Nearly 20,000 frontline Amazon workers have tested positive or been presumed positive with Covid-19 in the US, the company has revealed.
The disclosure comes after months of pressure from employees and union groups calling for the company to divulge the coronavirus numbers.
The online retailer said the infection rates were well below that seen in the general US population.
In a blog post, it said the information was released to keep workers informed, and to share details and best practices with governments and other companies
”We hope other large companies will also release their detailed learnings and case rates because doing so will help all of us,” Amazon said.
“This is not an arena where companies should compete — this is an arena where companies should help one another.”
The Seattle-based company examined 1.37 million workers’ data from March 1 to September 19 and compared it to Johns Hopkins University records for the same period in the US.
Based on that analysis, Amazon said if the rate among employees were the same as that for the general population, it estimated it would have seen 33,952 cases among its workforce which is 42 per cent higher that Amazon’s actual rate.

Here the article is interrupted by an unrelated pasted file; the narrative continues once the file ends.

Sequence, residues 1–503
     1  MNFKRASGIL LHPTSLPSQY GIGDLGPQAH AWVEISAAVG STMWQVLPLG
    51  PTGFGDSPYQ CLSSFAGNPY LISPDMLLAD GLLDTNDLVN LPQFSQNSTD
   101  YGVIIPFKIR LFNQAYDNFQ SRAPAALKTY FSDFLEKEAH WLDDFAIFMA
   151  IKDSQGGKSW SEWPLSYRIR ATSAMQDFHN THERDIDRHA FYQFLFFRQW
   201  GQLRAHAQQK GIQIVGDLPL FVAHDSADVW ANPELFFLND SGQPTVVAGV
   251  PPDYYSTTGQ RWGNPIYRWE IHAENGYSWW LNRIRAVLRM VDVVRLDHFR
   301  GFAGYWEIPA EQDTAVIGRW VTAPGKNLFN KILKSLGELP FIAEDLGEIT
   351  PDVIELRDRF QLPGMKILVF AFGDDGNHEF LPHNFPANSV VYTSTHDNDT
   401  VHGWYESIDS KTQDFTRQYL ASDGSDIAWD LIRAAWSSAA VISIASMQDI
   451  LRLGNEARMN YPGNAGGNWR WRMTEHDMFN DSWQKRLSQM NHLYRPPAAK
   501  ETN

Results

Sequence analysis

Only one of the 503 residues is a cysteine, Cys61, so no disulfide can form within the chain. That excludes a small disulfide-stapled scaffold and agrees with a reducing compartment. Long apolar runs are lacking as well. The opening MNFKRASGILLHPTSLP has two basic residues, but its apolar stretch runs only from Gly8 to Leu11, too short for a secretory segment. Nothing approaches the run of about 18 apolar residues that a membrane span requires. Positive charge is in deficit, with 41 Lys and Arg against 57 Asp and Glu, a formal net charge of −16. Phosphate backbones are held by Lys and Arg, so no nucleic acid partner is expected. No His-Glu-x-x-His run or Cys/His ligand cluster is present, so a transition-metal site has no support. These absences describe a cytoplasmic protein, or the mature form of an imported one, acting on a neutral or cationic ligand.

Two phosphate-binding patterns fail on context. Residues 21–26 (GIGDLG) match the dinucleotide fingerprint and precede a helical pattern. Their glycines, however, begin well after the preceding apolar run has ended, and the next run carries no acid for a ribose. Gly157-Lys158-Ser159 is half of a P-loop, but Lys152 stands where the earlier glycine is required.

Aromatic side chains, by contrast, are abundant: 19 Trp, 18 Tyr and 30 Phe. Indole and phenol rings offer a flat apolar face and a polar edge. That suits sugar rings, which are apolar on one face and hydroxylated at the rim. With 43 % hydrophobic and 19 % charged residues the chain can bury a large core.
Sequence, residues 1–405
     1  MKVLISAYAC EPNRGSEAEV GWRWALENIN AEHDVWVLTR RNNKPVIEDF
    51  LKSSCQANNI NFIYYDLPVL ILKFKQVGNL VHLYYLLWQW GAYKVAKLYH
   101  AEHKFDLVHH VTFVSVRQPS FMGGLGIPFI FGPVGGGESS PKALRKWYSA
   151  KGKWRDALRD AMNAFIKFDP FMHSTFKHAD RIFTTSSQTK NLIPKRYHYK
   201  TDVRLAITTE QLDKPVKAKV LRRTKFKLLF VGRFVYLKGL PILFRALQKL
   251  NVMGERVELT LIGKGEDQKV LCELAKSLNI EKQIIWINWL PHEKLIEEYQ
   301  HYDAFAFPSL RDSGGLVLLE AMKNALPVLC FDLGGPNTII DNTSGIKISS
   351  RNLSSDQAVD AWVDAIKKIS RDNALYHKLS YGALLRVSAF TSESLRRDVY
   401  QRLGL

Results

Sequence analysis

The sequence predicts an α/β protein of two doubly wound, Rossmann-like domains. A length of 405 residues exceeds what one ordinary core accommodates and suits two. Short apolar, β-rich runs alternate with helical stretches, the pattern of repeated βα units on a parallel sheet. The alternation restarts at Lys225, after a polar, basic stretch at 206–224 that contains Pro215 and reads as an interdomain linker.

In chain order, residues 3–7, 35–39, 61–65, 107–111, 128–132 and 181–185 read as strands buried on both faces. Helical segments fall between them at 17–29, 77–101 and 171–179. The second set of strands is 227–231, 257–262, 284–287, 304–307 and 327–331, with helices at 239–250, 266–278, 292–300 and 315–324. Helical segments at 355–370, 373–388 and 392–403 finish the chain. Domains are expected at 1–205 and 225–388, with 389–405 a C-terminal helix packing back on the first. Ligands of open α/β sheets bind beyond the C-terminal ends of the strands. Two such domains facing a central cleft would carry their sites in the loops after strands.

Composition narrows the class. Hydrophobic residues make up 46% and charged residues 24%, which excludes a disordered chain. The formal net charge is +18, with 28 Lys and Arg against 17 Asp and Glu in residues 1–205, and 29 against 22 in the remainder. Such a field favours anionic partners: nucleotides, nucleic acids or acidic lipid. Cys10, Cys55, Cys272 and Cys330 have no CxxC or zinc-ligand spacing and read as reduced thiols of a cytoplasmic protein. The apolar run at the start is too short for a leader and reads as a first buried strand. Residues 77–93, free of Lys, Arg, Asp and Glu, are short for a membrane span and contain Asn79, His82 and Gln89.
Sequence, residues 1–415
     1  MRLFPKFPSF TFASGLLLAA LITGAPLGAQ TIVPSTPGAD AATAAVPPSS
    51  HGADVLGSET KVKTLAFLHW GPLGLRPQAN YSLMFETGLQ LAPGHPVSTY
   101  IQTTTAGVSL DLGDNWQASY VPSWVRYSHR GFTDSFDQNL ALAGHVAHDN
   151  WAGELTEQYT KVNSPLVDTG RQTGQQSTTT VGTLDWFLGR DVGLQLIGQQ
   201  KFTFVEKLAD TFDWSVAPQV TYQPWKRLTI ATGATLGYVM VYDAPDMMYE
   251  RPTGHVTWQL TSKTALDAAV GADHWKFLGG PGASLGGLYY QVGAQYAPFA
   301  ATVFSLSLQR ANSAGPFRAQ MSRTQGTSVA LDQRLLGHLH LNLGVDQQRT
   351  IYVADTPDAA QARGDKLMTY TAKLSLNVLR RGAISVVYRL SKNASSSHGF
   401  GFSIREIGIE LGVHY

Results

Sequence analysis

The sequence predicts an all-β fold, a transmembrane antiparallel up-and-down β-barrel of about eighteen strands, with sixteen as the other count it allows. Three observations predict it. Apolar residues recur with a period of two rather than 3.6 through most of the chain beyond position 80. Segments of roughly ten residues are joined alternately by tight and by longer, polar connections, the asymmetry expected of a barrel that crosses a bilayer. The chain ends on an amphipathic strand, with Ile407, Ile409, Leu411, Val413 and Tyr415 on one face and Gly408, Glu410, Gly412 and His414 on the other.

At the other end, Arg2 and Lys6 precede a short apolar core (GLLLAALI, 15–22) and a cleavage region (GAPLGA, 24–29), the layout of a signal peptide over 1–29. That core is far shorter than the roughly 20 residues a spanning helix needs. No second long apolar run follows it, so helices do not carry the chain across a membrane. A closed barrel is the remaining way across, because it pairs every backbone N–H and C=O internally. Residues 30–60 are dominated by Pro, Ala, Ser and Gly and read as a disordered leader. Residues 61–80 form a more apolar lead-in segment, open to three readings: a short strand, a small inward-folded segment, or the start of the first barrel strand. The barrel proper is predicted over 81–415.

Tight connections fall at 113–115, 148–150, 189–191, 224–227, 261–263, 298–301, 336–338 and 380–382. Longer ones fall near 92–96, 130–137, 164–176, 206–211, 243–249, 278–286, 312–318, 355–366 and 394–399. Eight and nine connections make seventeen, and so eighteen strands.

It also said it is conducting thousands of tests each day, which will grow to 50,000 tests per day across 650 sites by November.
Companies have no legal obligation to publicly reveal how many of their workers have contracted the virus and few are doing so.
Employers do have to provide a safe working environment, which means they must alert staff if they might have been exposed to the virus, according to guidelines from the Occupational Safety and Health Administration, the federal agency that enforces workplace safety.
Marc Perrone, president of the United Food and Commercial Workers International Union (UFCW), which represents grocery and meatpacking workers, called Amazon’s disclosure as “the most damning evidence we have seen that corporate America has completely failed to protect our country’s frontline workers in this pandemic”.
UFCW is calling for immediate action by federal regulators and a full congressional investigation.
Source: Evening Standard